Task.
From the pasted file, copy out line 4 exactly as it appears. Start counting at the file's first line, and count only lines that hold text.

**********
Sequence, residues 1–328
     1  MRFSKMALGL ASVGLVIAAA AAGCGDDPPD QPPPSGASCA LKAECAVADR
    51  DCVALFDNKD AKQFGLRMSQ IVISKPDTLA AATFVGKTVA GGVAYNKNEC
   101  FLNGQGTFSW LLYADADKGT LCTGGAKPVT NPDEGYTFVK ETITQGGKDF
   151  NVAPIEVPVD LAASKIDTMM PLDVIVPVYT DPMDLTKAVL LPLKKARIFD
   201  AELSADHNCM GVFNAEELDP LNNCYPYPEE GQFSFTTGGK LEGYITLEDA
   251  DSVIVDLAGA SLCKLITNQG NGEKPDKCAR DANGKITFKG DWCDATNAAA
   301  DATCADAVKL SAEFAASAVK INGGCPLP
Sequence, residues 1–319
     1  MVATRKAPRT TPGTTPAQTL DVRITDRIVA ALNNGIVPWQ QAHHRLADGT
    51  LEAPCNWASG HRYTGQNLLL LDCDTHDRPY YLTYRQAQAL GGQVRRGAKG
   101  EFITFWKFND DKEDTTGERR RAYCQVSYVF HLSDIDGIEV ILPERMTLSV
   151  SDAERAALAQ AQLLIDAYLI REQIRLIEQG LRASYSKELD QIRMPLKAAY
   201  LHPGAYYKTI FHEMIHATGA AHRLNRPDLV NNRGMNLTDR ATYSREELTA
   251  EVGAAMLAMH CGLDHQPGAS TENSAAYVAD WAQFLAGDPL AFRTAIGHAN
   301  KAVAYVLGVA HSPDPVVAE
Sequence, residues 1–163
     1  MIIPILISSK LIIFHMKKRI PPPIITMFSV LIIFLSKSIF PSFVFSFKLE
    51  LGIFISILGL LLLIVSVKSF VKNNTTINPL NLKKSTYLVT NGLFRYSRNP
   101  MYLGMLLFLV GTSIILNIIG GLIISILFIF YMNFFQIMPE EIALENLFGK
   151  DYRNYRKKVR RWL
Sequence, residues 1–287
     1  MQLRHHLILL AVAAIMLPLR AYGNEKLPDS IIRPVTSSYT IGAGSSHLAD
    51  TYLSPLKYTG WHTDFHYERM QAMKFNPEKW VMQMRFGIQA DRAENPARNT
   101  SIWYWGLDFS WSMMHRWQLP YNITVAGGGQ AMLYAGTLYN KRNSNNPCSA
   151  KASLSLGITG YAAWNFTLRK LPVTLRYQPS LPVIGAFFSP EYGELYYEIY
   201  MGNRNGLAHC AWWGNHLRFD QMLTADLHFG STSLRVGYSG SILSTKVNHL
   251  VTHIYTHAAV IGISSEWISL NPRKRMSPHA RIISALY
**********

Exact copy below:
   101  FLNGQGTFSW LLYADADKGT LCTGGAKPVT NPDEGYTFVK ETITQGGKDF